Finance Minister: Hungary has returned to a path of growth

Hungary has returned to a path of growth in spite of the Russia-Ukraine war.

Finance Minister Mihály Varga told the 30th congress of Hungary’s ruling Fidesz party on Saturday that Hungary has returned to a path of growth in spite of the Russia-Ukraine war, the ongoing “political attacks from Brussels and the pressure from Washington”.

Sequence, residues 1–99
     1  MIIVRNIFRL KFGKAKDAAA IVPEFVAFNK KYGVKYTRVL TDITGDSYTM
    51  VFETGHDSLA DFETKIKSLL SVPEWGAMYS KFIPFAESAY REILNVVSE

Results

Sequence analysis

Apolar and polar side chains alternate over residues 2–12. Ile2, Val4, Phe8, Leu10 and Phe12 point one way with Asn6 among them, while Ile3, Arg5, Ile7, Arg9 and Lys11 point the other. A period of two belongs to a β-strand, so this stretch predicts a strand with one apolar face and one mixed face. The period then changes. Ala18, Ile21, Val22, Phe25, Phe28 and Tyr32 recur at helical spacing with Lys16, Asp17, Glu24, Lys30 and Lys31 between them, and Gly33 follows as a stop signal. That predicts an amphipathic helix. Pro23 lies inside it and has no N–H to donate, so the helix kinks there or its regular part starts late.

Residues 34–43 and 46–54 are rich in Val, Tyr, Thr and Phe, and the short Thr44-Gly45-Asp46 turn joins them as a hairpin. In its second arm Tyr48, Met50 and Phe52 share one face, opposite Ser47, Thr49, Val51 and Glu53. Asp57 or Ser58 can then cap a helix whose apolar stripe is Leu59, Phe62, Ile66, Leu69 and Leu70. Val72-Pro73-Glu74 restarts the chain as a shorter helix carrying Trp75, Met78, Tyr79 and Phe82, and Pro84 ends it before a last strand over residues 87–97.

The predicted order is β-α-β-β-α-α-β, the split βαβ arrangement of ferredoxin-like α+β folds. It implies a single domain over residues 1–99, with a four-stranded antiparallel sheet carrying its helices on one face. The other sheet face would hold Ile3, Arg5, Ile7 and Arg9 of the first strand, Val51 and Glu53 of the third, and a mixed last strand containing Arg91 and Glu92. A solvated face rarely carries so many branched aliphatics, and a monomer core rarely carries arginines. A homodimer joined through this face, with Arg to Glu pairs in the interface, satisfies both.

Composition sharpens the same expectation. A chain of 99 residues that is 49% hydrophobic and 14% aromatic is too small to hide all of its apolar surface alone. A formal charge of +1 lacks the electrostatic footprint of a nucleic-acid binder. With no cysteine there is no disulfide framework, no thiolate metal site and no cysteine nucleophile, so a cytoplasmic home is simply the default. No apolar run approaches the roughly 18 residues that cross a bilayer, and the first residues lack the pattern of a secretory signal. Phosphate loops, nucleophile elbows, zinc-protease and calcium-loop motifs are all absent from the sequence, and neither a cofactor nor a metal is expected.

Hungary was the fastest-growing European Union member state in 2019, and though its growth was broken by the pandemic and the subsequent period, “thanks to the healthy structure of the economy and falling global energy prices, we’re back on a path of growth”, Varga said, adding that “our economic outlook can propel us to the top again.” Citing the European Commission’s Autumn Economic Forecast released this week, Varga said Hungary was projected to be among the top third of EU countries in terms of growth in 2024 and was set to be the fastest-growing member state in 2025. He said the then-incoming government of Prime Minister Viktor Orbán had inherited a “bankrupt” country in 2010, and because the roadmap offered by Brussels would have only led to more austerity and a loss of competitiveness, the government carved its own path. That new path led to rising employment, Varga said, noting that the number of employed had risen to 4.1 million from 3.7 million, while the jobless rate had been cut from 12% to 4%. “We’re practically at full employment,” he said. The government, he said, had also reworked the structure of the economy and taken a step towards a demographic turnaround by overhauling the tax system and cutting taxes. “We built the world’s strongest family benefit system,” the minister said. Regarding the public debt, Varga noted that it had fallen from 80% to 65% by the start of the pandemic, and was now on a downward trend again. The government also halved the ratio of foreign currency in the country’s debt and increased the share of domestic financing of the national debt to 20%, he said. Hungary has had the highest investment rate in the EU for several years and ranks ninth globally in economic complexity, Varga said.